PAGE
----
I’ve discussed this before, but it comes up with such frequency that it’s worth discussing again.
Say you’ve been wheat- and grain-free for the past 3 months. Your son or daughter is celebrating a birthday with a big, beautiful birthday cake and a cheesy pizza. The aromas alone are intoxicating! What’s the harm in having a bite of birthday cake or just a single darned slice of pizza? You tell yourself that you’ll make up for it by being good all weekend, even exercising an extra half an hour.
You experienced Wheat Belly followers all understand that this triggers re-exposure phenomena typically experienced as gastrointestinal distress, bloating, acid reflux, diarrhea, joint pain, and emotional effects (depression, mind “fog,” anger). If an autoimmune or neurological process was present before you began the wheat/grain elimination, symptoms of those conditions can return, such as joint pain and swelling with rheumatoid arthritis, loss of balance and coordination in cerebellar ataxia, or bloody bowel movements and diarrhea in ulcerative colitis, effects that can often persist for weeks or months after the re-exposure.
But some people experience a re-triggering of appetite. Recall that wheat and grains exert three known paths to increase appetite:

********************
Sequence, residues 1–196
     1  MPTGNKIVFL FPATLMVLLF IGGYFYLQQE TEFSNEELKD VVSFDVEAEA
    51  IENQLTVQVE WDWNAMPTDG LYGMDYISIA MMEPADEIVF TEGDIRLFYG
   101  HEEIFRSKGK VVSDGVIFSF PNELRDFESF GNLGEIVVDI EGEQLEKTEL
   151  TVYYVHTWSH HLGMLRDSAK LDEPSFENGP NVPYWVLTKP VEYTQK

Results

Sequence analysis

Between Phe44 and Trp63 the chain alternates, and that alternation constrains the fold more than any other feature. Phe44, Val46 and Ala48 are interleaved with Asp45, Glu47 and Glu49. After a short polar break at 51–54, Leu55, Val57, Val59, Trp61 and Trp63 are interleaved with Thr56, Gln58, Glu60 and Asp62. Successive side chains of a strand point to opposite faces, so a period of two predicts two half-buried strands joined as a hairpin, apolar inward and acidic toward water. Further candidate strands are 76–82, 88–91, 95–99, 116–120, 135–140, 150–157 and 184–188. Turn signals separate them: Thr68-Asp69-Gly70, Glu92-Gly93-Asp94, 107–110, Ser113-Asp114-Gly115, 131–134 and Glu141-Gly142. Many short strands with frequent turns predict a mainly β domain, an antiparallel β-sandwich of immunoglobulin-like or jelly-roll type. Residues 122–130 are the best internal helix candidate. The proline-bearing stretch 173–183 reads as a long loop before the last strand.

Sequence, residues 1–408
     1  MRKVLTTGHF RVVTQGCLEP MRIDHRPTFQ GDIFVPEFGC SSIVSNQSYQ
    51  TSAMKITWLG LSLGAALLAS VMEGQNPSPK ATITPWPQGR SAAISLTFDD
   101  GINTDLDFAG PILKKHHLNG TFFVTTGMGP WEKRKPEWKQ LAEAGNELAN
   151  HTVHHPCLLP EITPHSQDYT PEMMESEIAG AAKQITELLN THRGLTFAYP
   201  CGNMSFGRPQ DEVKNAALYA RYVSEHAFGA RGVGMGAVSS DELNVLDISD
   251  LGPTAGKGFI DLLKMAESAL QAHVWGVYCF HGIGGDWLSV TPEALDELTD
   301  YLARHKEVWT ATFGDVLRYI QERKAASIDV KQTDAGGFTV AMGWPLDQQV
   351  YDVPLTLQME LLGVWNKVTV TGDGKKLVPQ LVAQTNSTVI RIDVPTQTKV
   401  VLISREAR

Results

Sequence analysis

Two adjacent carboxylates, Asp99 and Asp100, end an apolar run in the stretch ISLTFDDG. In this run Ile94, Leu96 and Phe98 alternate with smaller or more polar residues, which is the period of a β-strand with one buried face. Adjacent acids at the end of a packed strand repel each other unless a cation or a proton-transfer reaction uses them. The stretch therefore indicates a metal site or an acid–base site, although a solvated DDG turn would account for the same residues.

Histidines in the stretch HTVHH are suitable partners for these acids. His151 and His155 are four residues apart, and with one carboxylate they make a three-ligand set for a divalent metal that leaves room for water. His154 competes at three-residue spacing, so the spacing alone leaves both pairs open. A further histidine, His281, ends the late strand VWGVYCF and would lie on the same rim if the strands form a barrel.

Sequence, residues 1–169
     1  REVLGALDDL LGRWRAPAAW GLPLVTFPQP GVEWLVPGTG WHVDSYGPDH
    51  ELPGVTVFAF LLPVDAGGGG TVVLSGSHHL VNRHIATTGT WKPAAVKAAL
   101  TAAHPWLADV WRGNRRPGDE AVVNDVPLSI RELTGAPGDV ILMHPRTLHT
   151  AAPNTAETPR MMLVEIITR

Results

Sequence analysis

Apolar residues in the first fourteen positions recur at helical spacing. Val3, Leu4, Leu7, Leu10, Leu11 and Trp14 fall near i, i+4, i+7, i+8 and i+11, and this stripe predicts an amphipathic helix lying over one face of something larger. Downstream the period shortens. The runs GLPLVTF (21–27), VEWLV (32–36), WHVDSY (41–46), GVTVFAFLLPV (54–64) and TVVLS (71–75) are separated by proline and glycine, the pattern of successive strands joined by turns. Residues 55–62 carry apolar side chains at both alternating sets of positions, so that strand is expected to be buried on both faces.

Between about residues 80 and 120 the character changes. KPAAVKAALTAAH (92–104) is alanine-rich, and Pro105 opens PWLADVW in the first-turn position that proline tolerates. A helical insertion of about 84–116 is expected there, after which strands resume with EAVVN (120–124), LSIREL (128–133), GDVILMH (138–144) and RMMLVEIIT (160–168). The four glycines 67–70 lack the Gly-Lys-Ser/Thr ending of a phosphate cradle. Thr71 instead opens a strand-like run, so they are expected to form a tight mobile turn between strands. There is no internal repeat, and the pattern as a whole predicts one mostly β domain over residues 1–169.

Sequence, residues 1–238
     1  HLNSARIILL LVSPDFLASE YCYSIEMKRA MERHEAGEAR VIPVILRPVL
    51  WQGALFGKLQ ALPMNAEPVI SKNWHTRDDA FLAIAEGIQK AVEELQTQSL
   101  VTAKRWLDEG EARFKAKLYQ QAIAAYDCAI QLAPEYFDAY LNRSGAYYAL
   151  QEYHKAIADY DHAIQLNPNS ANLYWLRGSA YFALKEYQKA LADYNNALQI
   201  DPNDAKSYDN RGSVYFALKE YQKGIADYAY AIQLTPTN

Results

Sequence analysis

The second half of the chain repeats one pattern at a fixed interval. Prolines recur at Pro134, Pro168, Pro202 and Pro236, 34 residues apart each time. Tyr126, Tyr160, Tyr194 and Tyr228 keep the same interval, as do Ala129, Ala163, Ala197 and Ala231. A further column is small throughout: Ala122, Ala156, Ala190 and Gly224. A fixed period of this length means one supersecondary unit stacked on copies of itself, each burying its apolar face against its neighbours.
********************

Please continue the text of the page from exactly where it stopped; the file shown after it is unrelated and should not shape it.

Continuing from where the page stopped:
1) Gliadin and related grain proteins are partially digested to peptides (not single amino acids as with digestion of other proteins not from poorly-digested seeds of grasses) that have opiate-like properties, including appetite-stimulation.
2) Amylopectin A sends blood sugar and insulin to high levels, followed by a drop in blood sugar–hypoglycemia–resulting in shakiness, fogginess, and hunger in a two-hour cycle.
3) Wheat germ agglutinin (wheat, rye, barley, and rice) blocks the leptin hormone that triggers satiety and ordinarily tells you to stop eating.
Some people thereby experience food obsessions that erode all commitment to a healthy grain-free lifestyle. That one cookie, bite of birthday cake, or slice of pizza can therefore set an uncontrollable binge in action. While the one “indulgent” food doesn’t by itself lead to regaining 30 pounds, it can trigger a process that, in as short as 30 days, lead to that much weight loss. I’ve witnessed this a number of times and it’s a pretty sad process to watch.
So be aware that a wheat/grain “indulgence” is not just about a few carbohydrate calories, or going off temporarily for an occasional “bad” day. That single indulgence can have some pretty awful implications that are difficult to turn off. And recognize that the same “30 pounds in 30 days” effect, or something similar, can be even be triggered by an inadvertent wheat/grain re-exposure.